Food and Behaviour Research

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Hydrogenated and Trans Fats

A major issue with western-type diets today is not the total amount of fat, but the types of fats they contain.  People often worry about ‘saturated fats’ (for which any health risks appear small), when in fact, the trans fats found in many processed foods are a far worse problem.

What Are Trans Fats?

Trans fats are artificial, warped and ‘twisted’ (mis-shapen) versions of natural polyunsaturated fats (such as omega-6 and omega-3). Most are created by ‘hydrogenation’ – a process by which liquid vegetable oils are chemically altered to turn them into more solid fats, thus allowing them to be used by the food industry in place of more expensive animal fats.

In addition to being cheap, trans fats add texture or bulk to products, have a neutral flavour and help give products a long shelf life.  But they have absolutely no nutritional value whatsoever.  Instead, these fats are toxic – as formally recognised by the W.H.O. in 2009.

Why Are Trans Fats Bad For You?

By displacing natural omega-3 and omega-6 polyunsaturated fats (which are essential nutrients for the body and brain), trans fats raise the risks for many degenerative physical health conditions.  Higher intakes of trans fats are linked with many health problems, including:

  • Increased risks for heart attack and stroke (and higher blood cholesterol levels)
  • Insulin resistance and Type 2 diabetes
  • Obesity
  • Infertility

The effects of trans fats on mental health and performance are likely to be even more serious. This is because the brain is 60% fat – and trans fats compete with the natural (untwisted) omega-3 and omega-6 fats that are essential for healthy brain development and function.  Such effects are very difficult to measure directly (for ethical and/or practical reasons), so definitive research evidence in humans is limited.  However, higher intakes of trans fats have already been linked with increased risks for:

Which Foods Contain Trans Fats?

Partially hydrogenated vegetable oils (HVO), the primary source of dietary trans fats, are still used in all kinds of highly processed foods – including some margarines, crisps and other snacks, cakes, biscuits, pastries, desserts, sauces, soups, salad dressings and many more (including some non-dairy coffee ‘creamers’).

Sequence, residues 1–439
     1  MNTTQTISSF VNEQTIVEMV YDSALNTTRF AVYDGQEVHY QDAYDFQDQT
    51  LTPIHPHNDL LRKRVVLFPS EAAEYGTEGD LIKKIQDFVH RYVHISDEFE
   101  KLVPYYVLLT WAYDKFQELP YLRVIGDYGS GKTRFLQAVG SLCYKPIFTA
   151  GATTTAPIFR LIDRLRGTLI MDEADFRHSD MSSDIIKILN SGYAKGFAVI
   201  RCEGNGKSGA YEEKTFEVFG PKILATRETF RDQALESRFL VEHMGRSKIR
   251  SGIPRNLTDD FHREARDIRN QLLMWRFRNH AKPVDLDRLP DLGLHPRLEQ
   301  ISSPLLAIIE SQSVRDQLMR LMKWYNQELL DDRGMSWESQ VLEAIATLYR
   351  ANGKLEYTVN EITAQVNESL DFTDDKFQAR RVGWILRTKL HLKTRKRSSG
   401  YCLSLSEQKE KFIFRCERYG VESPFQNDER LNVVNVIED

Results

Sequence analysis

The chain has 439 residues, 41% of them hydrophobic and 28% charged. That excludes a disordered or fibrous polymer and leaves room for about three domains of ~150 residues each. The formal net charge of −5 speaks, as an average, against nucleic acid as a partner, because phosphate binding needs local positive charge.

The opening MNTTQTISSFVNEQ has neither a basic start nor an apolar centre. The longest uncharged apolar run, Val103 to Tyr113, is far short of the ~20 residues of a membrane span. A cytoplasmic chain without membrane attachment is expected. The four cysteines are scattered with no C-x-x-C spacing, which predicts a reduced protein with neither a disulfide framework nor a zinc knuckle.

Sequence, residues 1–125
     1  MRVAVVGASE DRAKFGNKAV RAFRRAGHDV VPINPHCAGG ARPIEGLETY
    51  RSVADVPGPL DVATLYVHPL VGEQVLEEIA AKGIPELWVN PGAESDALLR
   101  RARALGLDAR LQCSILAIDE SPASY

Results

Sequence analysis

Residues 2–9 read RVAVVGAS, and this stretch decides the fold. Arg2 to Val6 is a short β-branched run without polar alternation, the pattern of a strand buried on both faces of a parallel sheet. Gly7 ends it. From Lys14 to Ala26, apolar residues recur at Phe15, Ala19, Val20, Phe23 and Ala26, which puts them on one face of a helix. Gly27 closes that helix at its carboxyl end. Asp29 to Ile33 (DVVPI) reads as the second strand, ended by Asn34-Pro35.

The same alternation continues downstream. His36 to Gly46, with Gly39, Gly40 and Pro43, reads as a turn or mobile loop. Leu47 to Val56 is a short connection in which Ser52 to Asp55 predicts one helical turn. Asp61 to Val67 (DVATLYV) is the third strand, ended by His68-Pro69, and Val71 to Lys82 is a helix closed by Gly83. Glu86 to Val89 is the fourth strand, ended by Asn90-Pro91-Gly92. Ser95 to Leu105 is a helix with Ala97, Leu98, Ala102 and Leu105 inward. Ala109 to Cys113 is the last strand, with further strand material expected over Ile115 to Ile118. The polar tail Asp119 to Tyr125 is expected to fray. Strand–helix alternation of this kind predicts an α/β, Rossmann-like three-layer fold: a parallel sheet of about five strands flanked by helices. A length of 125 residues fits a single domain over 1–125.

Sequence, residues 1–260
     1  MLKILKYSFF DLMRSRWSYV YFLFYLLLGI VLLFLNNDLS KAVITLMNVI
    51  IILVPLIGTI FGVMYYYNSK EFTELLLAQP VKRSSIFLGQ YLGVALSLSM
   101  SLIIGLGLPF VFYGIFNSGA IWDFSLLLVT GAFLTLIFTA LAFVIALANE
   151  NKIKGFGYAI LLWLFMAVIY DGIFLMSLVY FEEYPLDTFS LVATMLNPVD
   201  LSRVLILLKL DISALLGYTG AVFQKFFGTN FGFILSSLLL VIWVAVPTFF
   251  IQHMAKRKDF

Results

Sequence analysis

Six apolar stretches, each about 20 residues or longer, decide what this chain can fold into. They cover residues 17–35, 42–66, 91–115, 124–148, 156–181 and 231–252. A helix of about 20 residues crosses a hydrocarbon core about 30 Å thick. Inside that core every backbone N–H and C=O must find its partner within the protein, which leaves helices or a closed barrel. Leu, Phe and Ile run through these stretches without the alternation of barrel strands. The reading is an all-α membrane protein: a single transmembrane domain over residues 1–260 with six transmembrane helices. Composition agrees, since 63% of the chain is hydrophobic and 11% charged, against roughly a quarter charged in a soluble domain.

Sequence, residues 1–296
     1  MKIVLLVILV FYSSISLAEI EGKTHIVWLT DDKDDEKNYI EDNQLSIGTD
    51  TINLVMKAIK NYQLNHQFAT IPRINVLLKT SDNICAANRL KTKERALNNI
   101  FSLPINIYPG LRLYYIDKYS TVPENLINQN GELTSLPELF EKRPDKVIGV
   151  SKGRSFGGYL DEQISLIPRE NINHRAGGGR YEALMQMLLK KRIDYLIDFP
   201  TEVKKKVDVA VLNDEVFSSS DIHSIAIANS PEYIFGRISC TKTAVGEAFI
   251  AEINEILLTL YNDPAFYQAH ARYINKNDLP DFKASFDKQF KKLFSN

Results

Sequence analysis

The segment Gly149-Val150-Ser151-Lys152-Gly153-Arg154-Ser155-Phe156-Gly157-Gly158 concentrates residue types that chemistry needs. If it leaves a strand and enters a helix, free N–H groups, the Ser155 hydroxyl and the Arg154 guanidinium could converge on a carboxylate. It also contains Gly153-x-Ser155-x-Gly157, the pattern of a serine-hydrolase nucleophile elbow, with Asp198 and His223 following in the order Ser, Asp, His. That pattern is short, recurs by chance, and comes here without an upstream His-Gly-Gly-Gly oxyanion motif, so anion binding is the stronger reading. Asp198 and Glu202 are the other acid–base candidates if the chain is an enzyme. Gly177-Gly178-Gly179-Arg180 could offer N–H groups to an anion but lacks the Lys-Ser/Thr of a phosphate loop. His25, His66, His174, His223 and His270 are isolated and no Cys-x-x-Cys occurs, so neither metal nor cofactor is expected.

Some food manufacturers have taken serious steps to reduce or eliminate HVO. However, trans fats can still result from other methods of refining vegetable oils. In fact, any heating of vegetable oils to very high temperatures can damage the polyunsaturated fats they contain (and especially the fragile omega-3), potentially creating trans fats and other toxic substances.

Trans fats are found in numerous take-away foods and ready-meals, but there is no way for the consumer to know whether or not this is the case. (See Stender et al 2006 whose careful study found simply huge variations in the trans fat content of exactly the same ‘fast food’ meals bought at different outlets.)

In the UK, there is no specific requirement for the trans fat content of products to be included on food labels, although some manufacturers have started to do so voluntarily. Hydrogenated fats must be declared on food labels, so if a product contains any ‘hydrogenated’ fats, it may contain trans fats.  Look out for the words ‘partially hydrogenated’ on food labels - because these products almost always contain trans fats.

Why are Trans Fats Still Allowed in our Food Supply?

This is a very good question. The UK Faculty of Public Health and Royal Society for Public Health proposed that consumption of trans fatty acids (TFAs) should be virtually eliminated in the United Kingdom by 2012. Their report noted that, “it has been proven that industrially-produced TFA can damage health,”there is no known safe level of consumption,” and banning TFA from foods is a relatively easy way to help protect the public.”  

See  Mozzafarian and Stampfer, (2010) Removing industrial trans fat from foods.

Goverment regulation (i.e. banning trans fats – or at least restricting them to an absolute minimum) would virtually eliminate these toxins from our diets.  Denmark was the first country to do this in 2006; New York also banned trans fats some years ago (see Okie et al 2007) and since then, many other developed countries have been following suit.

However, the UK government still refuses to implement a ban (as was recommended by N.I.C.E. in 2010) – instead relying on ‘voluntary’ action by the food industry. This ensures that trans fats will continue to be used by many food manufacturers and catering outlets (either through ignorance, or simply to increase their profits) – so consumers will continue to find them very difficult to avoid.

‘Voluntary’ action fails to protect the public (and particularly the most vulnerable members of our society). 

BBC Radio 4 - The Food Programme: Trans Fats explains this clearly – as does the article: 

Dying for a burger?  Why are trans fats still legal in the UK?.  

Both will give you plenty to think about the next time you eat out, or order a takeaway....

Further Information

Fats And Cholesterol – Harvard School of Public Health